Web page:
Sorry you had to do all this. I too am the non carrying Partner although, luckily I did not have to go through the hoops you did to adopt our son. In CA it’s a stepparent adoption and basic paperwork. None of the questions you had to answer. We didn’t even have to go to court, the papers were mailed to us. But, I did feel all the feelings you did. We are married, he is our son, he was planned and loved theough the whole process, why do I have to do this! Why do I have to take time off from work, fill out a ton of papers, get documentation from the doctor and pay fees to prove my son is mine. One day this won’t be. I have faith in the next generation. My nieces and nephews don’t have this prejudice. Here’s to hope!

  4. Leigh Fowler says:

    I love this post. My partner and I have been through second parent adoption twice for a total of 8 adoptions. We have 4 sons. My partner gave birth to the first, and I gave birth to the next 3. As soon as a few attorneys started doing second parent adoptions in NC, we jumped on board. A few years later, those adoptions were undone (well, the state said they were never really good in the first place). Years later as the laws changed, we married and did the adoptions again. I adopted our oldest; she adopted the next three. It was all so crazy. We didn’t celebrate either. I didn’t want the kids to even realize we had previously been in a legally precarious situation. Plus, it was bitter-sweet given the circumstances. They are now 17, 15, 15, and 8. The world has changed for the better since they were born. But, today, Trump became our president, so I am not feeling very celebratory.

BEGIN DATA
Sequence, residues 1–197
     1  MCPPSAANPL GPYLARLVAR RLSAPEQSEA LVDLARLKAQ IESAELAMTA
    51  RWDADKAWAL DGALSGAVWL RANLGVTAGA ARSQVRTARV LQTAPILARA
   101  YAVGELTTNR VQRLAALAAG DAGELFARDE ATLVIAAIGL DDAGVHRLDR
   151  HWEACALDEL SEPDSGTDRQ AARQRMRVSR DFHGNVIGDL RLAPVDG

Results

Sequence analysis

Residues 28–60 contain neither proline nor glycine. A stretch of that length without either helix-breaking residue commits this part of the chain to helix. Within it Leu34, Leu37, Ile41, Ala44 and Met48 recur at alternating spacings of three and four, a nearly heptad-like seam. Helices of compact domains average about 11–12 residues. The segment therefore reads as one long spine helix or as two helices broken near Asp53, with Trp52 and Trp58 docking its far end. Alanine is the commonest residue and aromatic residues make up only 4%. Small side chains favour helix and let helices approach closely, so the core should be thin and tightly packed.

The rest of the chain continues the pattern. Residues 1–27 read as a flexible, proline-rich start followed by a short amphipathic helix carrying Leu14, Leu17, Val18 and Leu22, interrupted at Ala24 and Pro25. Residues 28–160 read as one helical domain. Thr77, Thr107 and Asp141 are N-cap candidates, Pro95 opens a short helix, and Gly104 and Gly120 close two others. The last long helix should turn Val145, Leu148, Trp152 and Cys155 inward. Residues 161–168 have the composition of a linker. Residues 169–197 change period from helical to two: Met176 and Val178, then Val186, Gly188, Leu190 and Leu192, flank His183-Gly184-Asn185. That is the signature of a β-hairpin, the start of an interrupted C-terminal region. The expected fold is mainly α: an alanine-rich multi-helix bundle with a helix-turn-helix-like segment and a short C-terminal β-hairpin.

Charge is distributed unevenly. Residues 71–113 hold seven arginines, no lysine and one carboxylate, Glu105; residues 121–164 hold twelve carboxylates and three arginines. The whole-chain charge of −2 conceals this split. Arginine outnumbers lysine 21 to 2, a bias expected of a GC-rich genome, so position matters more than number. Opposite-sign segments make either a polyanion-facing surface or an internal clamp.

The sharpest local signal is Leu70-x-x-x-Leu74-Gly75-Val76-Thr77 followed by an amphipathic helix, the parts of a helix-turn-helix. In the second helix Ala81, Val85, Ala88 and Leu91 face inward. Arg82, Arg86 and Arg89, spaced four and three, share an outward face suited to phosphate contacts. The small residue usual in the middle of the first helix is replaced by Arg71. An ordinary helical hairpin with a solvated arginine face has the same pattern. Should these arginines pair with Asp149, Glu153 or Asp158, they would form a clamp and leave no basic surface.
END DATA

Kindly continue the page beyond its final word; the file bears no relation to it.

• Andrea Lawlor says:

      Hi Leigh,

      Wow, that is such an extreme level of unnecessary bullshit. I am so sorry (and angry) that your family had to go through all that.

      Sending love and solidarity,

  5. Pingback: LGBTQ Parenting Roundup: Thus Begins a New Era Edition - Mombian

  6. Michele Barale says:

    What a terrific piece, Andrea. Thanks for writing what needs to be said.

  7. Aime DeGrenier says:

    Thanks for this Andrea. My wife and I went though this 13 years ago, just a year or so before we were legally able to get married. I remember the process being especially scary as the paperwork required ME, the birth mom, to also be included in the adoption process. I burned some of the papers, never wanting our kids to come across them. I eventually threw out the signing pens too. While I’m glad we could make it legal, the process we were required to go though still stings!

    I did keep the polaroid though!

  8. Maureen Carey says:

    Thanks for sharing your family’s story. Similarly, my husband and many other Irish long-term green card holding residents also decided to take a drastic legal action in response to Trump’s election. They went ahead with getting American citizenship after hesitating for decades. Including many who had always said they never would, because of their allegiance to their home country. And yes, the officials were very nice. We live in interesting times.